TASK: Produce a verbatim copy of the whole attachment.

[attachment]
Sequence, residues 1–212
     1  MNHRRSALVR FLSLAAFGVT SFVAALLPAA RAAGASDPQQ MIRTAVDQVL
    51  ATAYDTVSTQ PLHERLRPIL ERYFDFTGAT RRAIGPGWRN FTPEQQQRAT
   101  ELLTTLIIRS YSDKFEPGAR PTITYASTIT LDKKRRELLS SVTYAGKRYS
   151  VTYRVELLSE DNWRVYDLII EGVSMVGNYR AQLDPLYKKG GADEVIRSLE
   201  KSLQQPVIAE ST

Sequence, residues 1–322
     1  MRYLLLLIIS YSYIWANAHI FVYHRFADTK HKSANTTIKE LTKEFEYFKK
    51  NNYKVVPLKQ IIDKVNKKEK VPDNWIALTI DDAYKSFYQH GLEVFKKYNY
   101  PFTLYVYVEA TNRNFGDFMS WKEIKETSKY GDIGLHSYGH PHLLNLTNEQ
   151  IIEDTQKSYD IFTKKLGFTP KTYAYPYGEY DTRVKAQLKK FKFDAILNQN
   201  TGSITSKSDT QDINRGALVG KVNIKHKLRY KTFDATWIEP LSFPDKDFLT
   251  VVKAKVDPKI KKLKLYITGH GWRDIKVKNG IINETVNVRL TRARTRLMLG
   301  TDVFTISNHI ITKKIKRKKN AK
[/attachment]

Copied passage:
Sequence, residues 1–212
     1  MNHRRSALVR FLSLAAFGVT SFVAALLPAA RAAGASDPQQ MIRTAVDQVL
    51  ATAYDTVSTQ PLHERLRPIL ERYFDFTGAT RRAIGPGWRN FTPEQQQRAT
   101  ELLTTLIIRS YSDKFEPGAR PTITYASTIT LDKKRRELLS SVTYAGKRYS
   151  VTYRVELLSE DNWRVYDLII EGVSMVGNYR AQLDPLYKKG GADEVIRSLE
   201  KSLQQPVIAE ST

Sequence, residues 1–322
     1  MRYLLLLIIS YSYIWANAHI FVYHRFADTK HKSANTTIKE LTKEFEYFKK
    51  NNYKVVPLKQ IIDKVNKKEK VPDNWIALTI DDAYKSFYQH GLEVFKKYNY
   101  PFTLYVYVEA TNRNFGDFMS WKEIKETSKY GDIGLHSYGH PHLLNLTNEQ
   151  IIEDTQKSYD IFTKKLGFTP KTYAYPYGEY DTRVKAQLKK FKFDAILNQN
   201  TGSITSKSDT QDINRGALVG KVNIKHKLRY KTFDATWIEP LSFPDKDFLT
   251  VVKAKVDPKI KKLKLYITGH GWRDIKVKNG IINETVNVRL TRARTRLMLG
   301  TDVFTISNHI ITKKIKRKKN AK